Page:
The solo project of Josh Graham, IIVII (pronounced “ivy”) have returned from 2015’s outer-space ambient fiction of Colony, with further tales from beyond our world. But whereas Colony told a tale of loneliness that emphasized the void between the stars, new album Invasion draws its fear not from being alone, but from learning that there is some kind of intelligence out there, and it does not come in peace. Though it is more immediate than its predecessor, and its narrative is more obvious, neither of these elements are to the detriment of Invasion, which is a strong continuation for IIVII.
It doesn’t feel like it was long since the first album from Wiegedood was released, with the Church Of Ra affiliated band unleashing a masterclass in modern black metal that rightly saw them lavished with praise. In the almost two years since the release of De Doden Hebben Het Goeg, the band have been touring and generally building upon the buzz surrounding them, meaning that expectations are high for the follow-up. Now that it’s here, does De Doden Hebben Het Goeg II meet them? The answer is: absolutely. It takes all that was good about the debut and doubles down on it, resulting in an album that is intense, captivating, and sure to be recognised as one of 2017’s finest.
Death Poems is a very deceptive album. Whilst, on the surface, it may seem to be front-loaded towards the heavy and oppressive, dig a little deeper and you’ll find that this is an album of remarkable subtlety and intelligence. For sure, there is plenty of darkness and despair here, with lumbering sludge-covered riffs backed up by bone-crushing drums and desperate screams. But equally, there are just as many moments when The Fifth Alliance break free from raw, primeval violence, adding hardcore and post-metal elements to the music, and it transcends in to something remarkably cathartic and atmospheric. It’s easy to be dismissive about anyone dabbling in post-metal contrasts and arrangements these days, with many considering the best days of the style to be well and truly gone; but with Death Poems, there is the clear feeling that this is the only way to adequately express what the band intended to put across, with their emotions raw and bleeding. And as such, it feels refreshingly honest, possessing an urgency and force that is so often lacking in this style.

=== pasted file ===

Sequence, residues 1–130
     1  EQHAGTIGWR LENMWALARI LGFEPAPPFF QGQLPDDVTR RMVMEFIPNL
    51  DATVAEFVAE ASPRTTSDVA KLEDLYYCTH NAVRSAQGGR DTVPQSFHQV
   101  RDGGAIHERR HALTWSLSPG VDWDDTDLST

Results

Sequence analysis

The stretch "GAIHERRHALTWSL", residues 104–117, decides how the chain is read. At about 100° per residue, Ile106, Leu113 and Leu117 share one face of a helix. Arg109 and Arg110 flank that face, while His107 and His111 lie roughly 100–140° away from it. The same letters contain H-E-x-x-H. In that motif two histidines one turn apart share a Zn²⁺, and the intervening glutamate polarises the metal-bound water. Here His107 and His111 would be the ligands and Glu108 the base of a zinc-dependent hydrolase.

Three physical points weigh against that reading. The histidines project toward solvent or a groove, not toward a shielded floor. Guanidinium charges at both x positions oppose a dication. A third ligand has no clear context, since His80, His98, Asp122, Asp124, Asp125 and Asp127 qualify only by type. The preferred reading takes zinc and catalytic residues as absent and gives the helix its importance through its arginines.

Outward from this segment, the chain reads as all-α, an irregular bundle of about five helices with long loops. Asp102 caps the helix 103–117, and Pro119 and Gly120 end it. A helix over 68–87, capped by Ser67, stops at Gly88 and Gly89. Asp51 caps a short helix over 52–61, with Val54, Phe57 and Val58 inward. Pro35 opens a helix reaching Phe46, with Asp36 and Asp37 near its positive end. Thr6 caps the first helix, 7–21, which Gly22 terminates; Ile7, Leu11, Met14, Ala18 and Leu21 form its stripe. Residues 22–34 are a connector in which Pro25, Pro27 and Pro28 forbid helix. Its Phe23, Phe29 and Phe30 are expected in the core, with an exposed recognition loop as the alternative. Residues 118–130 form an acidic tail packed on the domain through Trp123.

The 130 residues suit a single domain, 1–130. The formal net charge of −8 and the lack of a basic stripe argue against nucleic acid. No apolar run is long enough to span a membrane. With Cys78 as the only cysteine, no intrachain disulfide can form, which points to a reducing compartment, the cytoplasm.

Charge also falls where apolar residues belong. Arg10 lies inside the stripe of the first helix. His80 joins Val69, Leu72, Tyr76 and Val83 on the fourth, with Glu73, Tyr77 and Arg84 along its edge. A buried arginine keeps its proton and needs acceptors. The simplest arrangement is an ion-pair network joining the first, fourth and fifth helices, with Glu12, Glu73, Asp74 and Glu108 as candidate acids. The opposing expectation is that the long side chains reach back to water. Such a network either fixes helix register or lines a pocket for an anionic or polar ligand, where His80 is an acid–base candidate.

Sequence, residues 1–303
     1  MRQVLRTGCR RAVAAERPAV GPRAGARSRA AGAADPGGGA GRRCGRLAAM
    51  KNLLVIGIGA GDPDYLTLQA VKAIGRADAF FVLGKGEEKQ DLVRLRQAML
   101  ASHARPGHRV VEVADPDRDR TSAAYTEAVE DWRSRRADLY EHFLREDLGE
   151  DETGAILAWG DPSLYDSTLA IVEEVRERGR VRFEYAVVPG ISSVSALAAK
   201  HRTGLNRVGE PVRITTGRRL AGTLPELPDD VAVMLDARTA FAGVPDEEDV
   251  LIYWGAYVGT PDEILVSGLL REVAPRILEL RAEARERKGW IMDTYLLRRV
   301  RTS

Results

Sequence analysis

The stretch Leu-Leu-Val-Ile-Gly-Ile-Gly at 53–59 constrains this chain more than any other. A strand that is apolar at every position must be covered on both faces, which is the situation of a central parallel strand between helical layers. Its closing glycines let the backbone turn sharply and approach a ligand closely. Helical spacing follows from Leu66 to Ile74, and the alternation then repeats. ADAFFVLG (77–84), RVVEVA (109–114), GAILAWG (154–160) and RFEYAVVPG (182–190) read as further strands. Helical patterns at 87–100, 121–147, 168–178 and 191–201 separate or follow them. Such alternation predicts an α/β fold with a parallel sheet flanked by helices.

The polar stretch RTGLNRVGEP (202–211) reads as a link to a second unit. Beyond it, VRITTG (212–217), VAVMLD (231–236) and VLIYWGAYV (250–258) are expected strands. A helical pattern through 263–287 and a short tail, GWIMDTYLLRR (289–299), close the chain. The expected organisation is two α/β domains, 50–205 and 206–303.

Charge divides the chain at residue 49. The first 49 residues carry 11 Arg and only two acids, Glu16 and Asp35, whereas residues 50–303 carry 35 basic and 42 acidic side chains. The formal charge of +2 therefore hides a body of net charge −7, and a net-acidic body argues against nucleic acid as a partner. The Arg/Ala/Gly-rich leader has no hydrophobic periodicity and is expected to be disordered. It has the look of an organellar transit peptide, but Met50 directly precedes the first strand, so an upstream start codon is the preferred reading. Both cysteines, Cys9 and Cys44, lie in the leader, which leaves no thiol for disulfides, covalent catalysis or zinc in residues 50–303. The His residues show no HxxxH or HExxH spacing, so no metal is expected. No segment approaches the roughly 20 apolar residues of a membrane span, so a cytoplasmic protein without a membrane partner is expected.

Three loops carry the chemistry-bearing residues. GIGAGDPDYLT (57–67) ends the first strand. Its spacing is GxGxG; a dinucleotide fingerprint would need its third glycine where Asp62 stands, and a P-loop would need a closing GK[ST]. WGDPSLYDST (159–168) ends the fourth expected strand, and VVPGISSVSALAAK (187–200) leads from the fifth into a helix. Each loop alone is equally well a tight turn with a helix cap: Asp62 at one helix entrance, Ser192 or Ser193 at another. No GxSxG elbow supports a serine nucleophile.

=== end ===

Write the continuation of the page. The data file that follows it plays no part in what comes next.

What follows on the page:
Here’s the fourth part of my 2015 A-Z favourites. One more post remains after this one, containing my 5 favourites, so if there was a record notable by its omission, there’s every chance it will be in my top 5. If you missed the previous posts, then you can always go back and read through parts one, two, and three.
Following on from the first A-Z section of my 2015 favourites – which can be found here – here is the second part. As always, these are maybe not the best albums, but that is such a subjective, loaded term that it is all but impossible to write about with any authority. What can be stated, though, is that over the course of the year, the albums features have proven, without doubt, to be my favourites, with lasting appeal that kept me coming back to them.
Whilst there’s obviously nothing wrong with the artier and more subtle strands of metal, sometimes all you’re after is something straight to the point. There’s something to be said for a direct display of strength and power, which is where Belgian duo SarsoniS come in. They don’t so much strip doom and stoner to their roots, as they follow through to the obvious conclusion. III – their third album – features no vocals, no technical self-indulgence, and barely an ounce of musical fat. This is metal that is all about the riffs, the drums, and the glorious way they work together to crush your skull.
Colony is an ambitious album. IIVII is described as an “ambient-fiction project” by sole member Josh Graham (A Storm Of Light, Red Sparowes, and past contributor to a whole host of other projects, including Neurosis), and that description is well earned. The fiction part is especially important. Whilst many instrumental bands can be described as telling their stories in cinematic terms, Colony goes beyond that, and over the course of 50 instrumental minutes, tells the kind of story that has real depth and history, with the full grandeur of what is on offer more hinted at and shown in glimpses than revealed in full. For sure, the dark ambient on offer is very strong; but rather than other musicians, it makes me think of the greatest, most captivating of sci-fi novels, where the real power is between the lines. And like such novels, it desperately leaves me wanting more.